The IPO valued Nikola Corp at roughly $20 billion after its stock price more than doubled in the days after. However Nikola's success was short-lived.
Two months later when well-known short seller Hindenburg Research published a scathing report about Nikola in Sept 2020 just after the company received a massive $2 billion equity investment commitment from U.S. automaker General Motors.
As part of GM's investment, the company agreed to supply batteries, chassis architecture, fuel cell systems and factory for Nikola's Badger pickup project, which has since been scrapped, in exchange for an 11% stake in the company and $700 million in cash.
Hindenburg said it had collected evidence to show that CEO Milton made false claims about the company's proprietary hydrogen fuel cell technology in order to form partnerships with large automakers like GM.
Hindenburg said it gathered extensive evidence, which included recorded phone calls, text messages, private emails and behind-the-scenes photographs detailing dozens of false statements by Milton surrounding the company's fuel cell technology.
As a result, Hindenburg Research said at the time it was short-selling Nikola stock and labeled the company as a "fraud", a charge which Nikola denied.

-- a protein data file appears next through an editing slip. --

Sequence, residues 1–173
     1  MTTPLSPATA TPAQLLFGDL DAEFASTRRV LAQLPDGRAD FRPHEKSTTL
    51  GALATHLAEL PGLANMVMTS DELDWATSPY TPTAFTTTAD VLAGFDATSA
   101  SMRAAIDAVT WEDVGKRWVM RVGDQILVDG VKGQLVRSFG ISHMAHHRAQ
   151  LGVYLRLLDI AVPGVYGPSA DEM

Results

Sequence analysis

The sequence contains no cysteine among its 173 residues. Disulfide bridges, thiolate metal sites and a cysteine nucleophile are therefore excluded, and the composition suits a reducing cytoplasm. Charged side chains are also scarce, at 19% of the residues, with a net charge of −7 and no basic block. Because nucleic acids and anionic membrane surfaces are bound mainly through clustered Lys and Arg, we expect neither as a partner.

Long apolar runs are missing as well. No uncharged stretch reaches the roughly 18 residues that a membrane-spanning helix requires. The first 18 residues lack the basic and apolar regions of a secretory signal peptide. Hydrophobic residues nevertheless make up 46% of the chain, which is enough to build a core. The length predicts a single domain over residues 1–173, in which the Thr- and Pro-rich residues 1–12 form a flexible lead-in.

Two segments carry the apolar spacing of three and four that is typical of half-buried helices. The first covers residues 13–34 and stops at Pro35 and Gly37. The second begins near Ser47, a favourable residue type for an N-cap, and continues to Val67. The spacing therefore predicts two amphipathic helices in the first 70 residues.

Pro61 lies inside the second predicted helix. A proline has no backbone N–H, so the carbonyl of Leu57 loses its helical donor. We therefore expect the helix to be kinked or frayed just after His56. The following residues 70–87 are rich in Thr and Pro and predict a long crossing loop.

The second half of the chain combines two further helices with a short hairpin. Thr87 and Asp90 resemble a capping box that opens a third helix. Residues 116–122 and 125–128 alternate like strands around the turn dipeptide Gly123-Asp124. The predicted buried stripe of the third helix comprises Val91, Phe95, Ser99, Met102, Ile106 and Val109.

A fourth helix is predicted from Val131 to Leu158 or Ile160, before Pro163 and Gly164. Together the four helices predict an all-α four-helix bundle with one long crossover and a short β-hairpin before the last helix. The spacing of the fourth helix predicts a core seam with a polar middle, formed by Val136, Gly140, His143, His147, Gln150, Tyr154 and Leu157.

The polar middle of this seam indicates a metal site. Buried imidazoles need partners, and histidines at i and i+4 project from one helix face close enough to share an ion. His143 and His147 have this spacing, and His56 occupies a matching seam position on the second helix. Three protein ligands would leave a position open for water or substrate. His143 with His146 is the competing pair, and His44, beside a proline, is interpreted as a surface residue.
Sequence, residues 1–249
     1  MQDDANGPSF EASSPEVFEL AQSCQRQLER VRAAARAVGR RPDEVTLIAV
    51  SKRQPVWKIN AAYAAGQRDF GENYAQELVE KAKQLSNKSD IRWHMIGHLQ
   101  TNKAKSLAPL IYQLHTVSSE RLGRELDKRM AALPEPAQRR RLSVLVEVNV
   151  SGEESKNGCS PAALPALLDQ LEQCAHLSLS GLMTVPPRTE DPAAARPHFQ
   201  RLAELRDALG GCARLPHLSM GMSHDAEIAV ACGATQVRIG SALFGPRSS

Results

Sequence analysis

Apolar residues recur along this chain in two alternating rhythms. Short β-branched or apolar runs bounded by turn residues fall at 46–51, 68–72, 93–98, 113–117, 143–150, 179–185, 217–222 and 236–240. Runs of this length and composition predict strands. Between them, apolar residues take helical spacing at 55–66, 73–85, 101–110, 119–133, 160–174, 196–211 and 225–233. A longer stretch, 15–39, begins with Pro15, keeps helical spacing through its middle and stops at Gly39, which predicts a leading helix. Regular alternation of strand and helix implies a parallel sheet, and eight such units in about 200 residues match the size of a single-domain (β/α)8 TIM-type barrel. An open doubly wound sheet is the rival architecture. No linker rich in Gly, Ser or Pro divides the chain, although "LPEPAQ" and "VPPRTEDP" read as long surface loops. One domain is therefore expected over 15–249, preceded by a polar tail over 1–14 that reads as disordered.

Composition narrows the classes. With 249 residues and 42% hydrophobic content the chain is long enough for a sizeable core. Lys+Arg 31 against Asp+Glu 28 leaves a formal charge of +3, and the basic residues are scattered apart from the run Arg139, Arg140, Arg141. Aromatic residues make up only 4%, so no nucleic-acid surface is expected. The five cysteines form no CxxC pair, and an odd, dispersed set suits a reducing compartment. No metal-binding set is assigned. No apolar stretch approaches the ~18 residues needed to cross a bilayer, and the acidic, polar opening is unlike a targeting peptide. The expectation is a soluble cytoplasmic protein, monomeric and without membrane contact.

"We have never seen this level of deception at a public company, especially of this size," the Hindenburg report warned potential investors in Sept 2020.
GM was also criticized after its $2 billion commitment in Nikola for not doing the appropriate due diligence, although the automaker said it had thoroughly vetted the company.
Among the evidence collected by Hindenburg was leaked photos of Nikola's fuel cell components, including a power inverter, which the company said were developed entirely in-house. However the photos showed black tape hiding the interver's actual manufacturer, which was German supplier Bosch.
Nikola also said it received a flood of orders for its Nikola One and Nikola Two hydrogen-powered trucks. The company told Forbes in 2020 that it secured $14 billion in commercial truck leases from Anheuser Busch and U.S. Express, each of which is a seven-year lease worth about $1 million.
The company claimed its hydrogen-powered trucks produce up to 1,000 horsepower with 2,000 ft-lbs of torque and a range of 500 to 750 miles.
Nikola even produced a promotional video titled "Nikola One in Motion", which showed one of its trucks seemingly cruising at highway speeds. But a former employee said that the video was staged. The employee claimed that Nikola had the truck towed to the top of a hill on a remote stretch of highway and simply filmed it coasting downhill purportedly under its own power.